Not being true capitalists, old English law prohibited maintenance/champerty because they encouraged potentially fraudulent/baseless litigation. While such prohibition had its roots in old English common/statutory law, in the US some states still prohibit or materially limit it (e.g. Alabama, Colorado, Kentucky, Mississippi, North Carolina, Minnesota, New York and Pennsylvania ), while others allow it (perhaps with some restrictions) (e.g. Florida, Indiana, Ohio, New Jersey, Tennessee, and Texas). See Pribisich, “Maintenance, Champerty and Usury: Ethical Issues Of Alternative Litigation Financing”, ABA Presentation (2015). The foregoing notwithstanding, other courts have recognized the social benefit of TPLF. See, e.g. Lawsuit Funding, LLC v. Lessoff, Index No. 650757/2012, 2013 WL 6409971, at *6 (N.Y. Sup. Dec. 9, 2013) (litigation funding “allows lawsuits to be decided on their merits, and not based on which party has deeper pockets or stronger appetite for protracted litigation.”); Hamilton Capital VII, LLC, I v. Khorrami, LLP, No. 650791/2015, 2015 WL 4920281 at *5 (N.Y. Sup. Aug. 17, 2015) (“Modern litigation is expensive, and deep pocketed wrongdoers can deter lawsuits from being filed if a plaintiff has no means of financing her or his case. Permitting investors to fund firms by lending money secured by the firm’s accounts receivable helps provide victims their day in court.
Combine the high cost of war of attrition litigation (which may have material monetary benefits if won) with financially strapped litigants, and new and inventive ways to finance such litigation with its high risks, and high possible economic reward for those willing to do such risky financing, and TPLF arises (and an industry is spawned). And where best to find financially distressed litigants than the bankruptcy arena, where finding financially distressed litigants is as common as finding ill people in a hospital! See, e.g. Frankel, “Litigation Funding In Bankruptcy Should Be In Every Trustee’s Toolkit”, Reuters (March 14, 2017).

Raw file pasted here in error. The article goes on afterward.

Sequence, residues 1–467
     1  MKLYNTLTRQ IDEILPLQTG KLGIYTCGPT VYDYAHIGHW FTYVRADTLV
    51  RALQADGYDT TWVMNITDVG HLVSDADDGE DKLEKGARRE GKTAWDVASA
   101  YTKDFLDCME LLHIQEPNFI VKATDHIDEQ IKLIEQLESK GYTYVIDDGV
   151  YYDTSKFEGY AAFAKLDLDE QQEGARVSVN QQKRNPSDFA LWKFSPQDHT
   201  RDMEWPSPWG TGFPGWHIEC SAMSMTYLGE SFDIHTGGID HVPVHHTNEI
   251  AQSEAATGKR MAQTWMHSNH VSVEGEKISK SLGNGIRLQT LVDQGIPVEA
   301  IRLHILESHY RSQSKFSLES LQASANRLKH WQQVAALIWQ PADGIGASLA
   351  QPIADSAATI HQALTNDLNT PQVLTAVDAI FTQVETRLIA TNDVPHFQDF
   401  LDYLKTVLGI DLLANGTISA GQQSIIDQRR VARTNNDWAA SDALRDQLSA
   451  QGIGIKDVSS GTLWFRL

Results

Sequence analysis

In the U.S., before the arrival of TPLF, there were essentially two ways for the financially distressed litigant to prosecute claims—the class action suit where lawyers were paid a sizeable portion of the recovery, or in smaller matters, the straight contingency fee retention agreement. TPLF has added a new way whereby the litigant can prosecute claims where the lawyers are not taking the financial risk. Understandable, lawyers will be keen to utilize this method of financing litigation, and clients (who already, by necessity, are giving away part of the recovery as the cost of pursuing a claim they cannot afford to fund) are also willing to explore TPLF.
While there are numerous issues related to bankruptcy realm TPLF, presented for the reader’s consideration is the issue surrounding ethical/fiduciary obligations of lawyers and bankruptcy estates when utilizing TPLF. Specifically, depending upon the nature of the TPLF arrangement, and specifically the issues of control over litigation strategy and related issues (such as settlements, etc.), participants in this brave new world need to be mindful of the ethical and fiduciary duties owed by counsel and estate fiduciaries when working with TPLF sources in bankruptcy litigation. Not surprisingly, some industry groups are calling for increased disclosure of TPLF relationships in litigation, while the TPLF industry disseminates numerous articles and related pieces refuting any such need for such additional regulation, scrutiny or oversight.